When we purchased our Vermont home, we immediately cleaned out all of the former homeowner's decor so we could make the house our own. After removing their decorating style, there was a large blank wall above the propane gas stove that was begging for something rustic and unique. I was not sure what I was looking for, but I knew it needed to be a large, statement piece.
After searching for Vermont and ski-related signs, I found a few that I really liked but were super expensive. Since our house is a bit of a fixer upper, these signs were not within our budget. Inspired from the search, I decided to make one of them using supplies we had on hand and stencils that I purchased for under $30.
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DIY Wood Pallet Sign
This is an easy and very forgiving project to make and can be used with any theme – ski, lake beach, pool…whatever you want. In the supplies list below, I listed some links where you can purchase some of the items I used to make this sign. Please note, that as an Amazon Associate I earn from qualifying purchases.
- Protective eye-wear
- Wood pallet(s)
- Bleach solution or cleaner
- Chalk paints – any brand is fine. Use what colors work for your decor. I used FolkArt Home Decor Chalk Furniture & Craft Paint in Assorted Colors (16 Ounce), 34845 Sheepskin
- Chalk paint brush Any chalk paint brush is fine. I used FolkArt Home Decor Chalk and Wax Brushes, 34909
- 2.5″ height letter stencils (any font is fine. I could not find a font I like at the local craft stores, so ultimately, I used Tahoma by Stencil Planet)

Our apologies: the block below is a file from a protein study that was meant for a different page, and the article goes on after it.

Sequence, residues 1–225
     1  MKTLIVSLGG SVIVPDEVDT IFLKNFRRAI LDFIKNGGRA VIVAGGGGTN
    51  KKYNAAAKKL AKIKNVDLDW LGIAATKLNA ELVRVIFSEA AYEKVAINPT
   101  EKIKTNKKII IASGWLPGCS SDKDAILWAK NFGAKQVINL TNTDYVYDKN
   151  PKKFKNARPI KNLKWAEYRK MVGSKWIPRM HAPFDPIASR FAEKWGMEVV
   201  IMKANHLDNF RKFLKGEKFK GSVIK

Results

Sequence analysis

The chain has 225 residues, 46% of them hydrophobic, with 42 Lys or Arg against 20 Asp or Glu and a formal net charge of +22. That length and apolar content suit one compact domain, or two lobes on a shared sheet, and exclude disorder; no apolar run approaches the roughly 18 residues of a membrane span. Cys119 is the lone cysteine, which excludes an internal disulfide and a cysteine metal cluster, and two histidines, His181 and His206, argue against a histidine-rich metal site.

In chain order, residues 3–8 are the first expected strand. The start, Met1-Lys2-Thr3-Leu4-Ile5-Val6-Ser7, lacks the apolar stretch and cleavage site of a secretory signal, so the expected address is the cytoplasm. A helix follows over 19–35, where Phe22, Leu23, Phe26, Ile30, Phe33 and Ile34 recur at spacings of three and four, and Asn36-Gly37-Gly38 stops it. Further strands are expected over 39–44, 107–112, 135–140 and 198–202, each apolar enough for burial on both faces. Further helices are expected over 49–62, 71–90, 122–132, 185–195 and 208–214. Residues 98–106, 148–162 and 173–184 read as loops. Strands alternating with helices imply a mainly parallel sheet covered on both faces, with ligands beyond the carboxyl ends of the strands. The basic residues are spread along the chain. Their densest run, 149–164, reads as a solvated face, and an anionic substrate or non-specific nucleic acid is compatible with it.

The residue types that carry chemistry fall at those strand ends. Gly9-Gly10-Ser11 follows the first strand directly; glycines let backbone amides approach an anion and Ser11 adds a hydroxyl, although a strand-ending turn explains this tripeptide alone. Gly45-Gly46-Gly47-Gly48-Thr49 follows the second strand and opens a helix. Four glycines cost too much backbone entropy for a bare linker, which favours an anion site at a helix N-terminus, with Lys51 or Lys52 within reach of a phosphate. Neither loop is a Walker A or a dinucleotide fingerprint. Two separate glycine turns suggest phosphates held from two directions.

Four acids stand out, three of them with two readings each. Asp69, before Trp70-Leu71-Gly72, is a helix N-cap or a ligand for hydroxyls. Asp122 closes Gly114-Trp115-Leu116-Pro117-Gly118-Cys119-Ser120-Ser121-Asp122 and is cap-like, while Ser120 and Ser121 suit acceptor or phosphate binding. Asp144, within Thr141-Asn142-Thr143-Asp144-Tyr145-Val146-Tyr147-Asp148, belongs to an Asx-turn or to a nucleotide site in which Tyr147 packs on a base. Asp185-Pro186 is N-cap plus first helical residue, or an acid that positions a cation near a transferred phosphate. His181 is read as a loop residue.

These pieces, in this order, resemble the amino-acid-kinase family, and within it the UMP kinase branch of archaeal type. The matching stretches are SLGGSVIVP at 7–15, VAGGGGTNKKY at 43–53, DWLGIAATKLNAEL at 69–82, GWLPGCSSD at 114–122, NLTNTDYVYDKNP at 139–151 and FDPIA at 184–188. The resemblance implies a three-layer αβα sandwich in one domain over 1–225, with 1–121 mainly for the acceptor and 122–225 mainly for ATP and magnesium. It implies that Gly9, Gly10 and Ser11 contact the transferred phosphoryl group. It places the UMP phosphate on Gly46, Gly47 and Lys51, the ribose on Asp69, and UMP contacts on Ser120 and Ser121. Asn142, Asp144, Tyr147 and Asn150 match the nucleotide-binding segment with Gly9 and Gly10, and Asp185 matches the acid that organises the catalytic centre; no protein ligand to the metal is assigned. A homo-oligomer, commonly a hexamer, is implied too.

- Stencil stamping brush
- Small paint brush to fix errors
- Clear or natural wax paste – I used Minwax 785004444 Paste Finishing Wax, 1-Pound, Natural
- Eye screws
- Picture wire
Step 1: Gather Wood Pallets and Remove Boards (Carefully!)
We happened to have wood pallets laying around. If you don’t have any, call a local retailer, nursery, etc. because many are willing to give them away for free if you ask.
For the lettered sign boards, determine what you want the boards to say. For skiing, you can follow what I did or you can use the slopes from a mountain you like to frequent, etc. If you want to make a beach sign, you can use words like beach, boardwalk, rides, etc.
Work in odd numbers ranging from 1-7 depending on the size sign you want to make. In design, odd numbers are more aesthetically pleasing to the eye than even numbers. Because I wanted a fairly large sign, I used seven boards plus two for the back to attach the sign boards. If you want to make a smaller sign, use 1, 3 or 5 boards. (Note: I would not make this sign with more than seven boards because it has some weight to it when it’s completed. Does that mean you can’t make it with nine? You can make it with nine, but it will get heavier the larger you make it.)
Remove the wood pallet boards carefully. I am pretty accident prone, so my husband likes to do this stuff for me. If you are removing them yourself, wear protective eye-wear and gloves, then pry them loose with a hammer. Slowly pry them out and be gentle because the boards can break easily.
It is OK if the sign boards are not all exactly the same size. Various sizes, roughness, nail holes, etc. add character. Work with what you have.
Step 2: Gather Paint Supplies, Stencils and Start Painting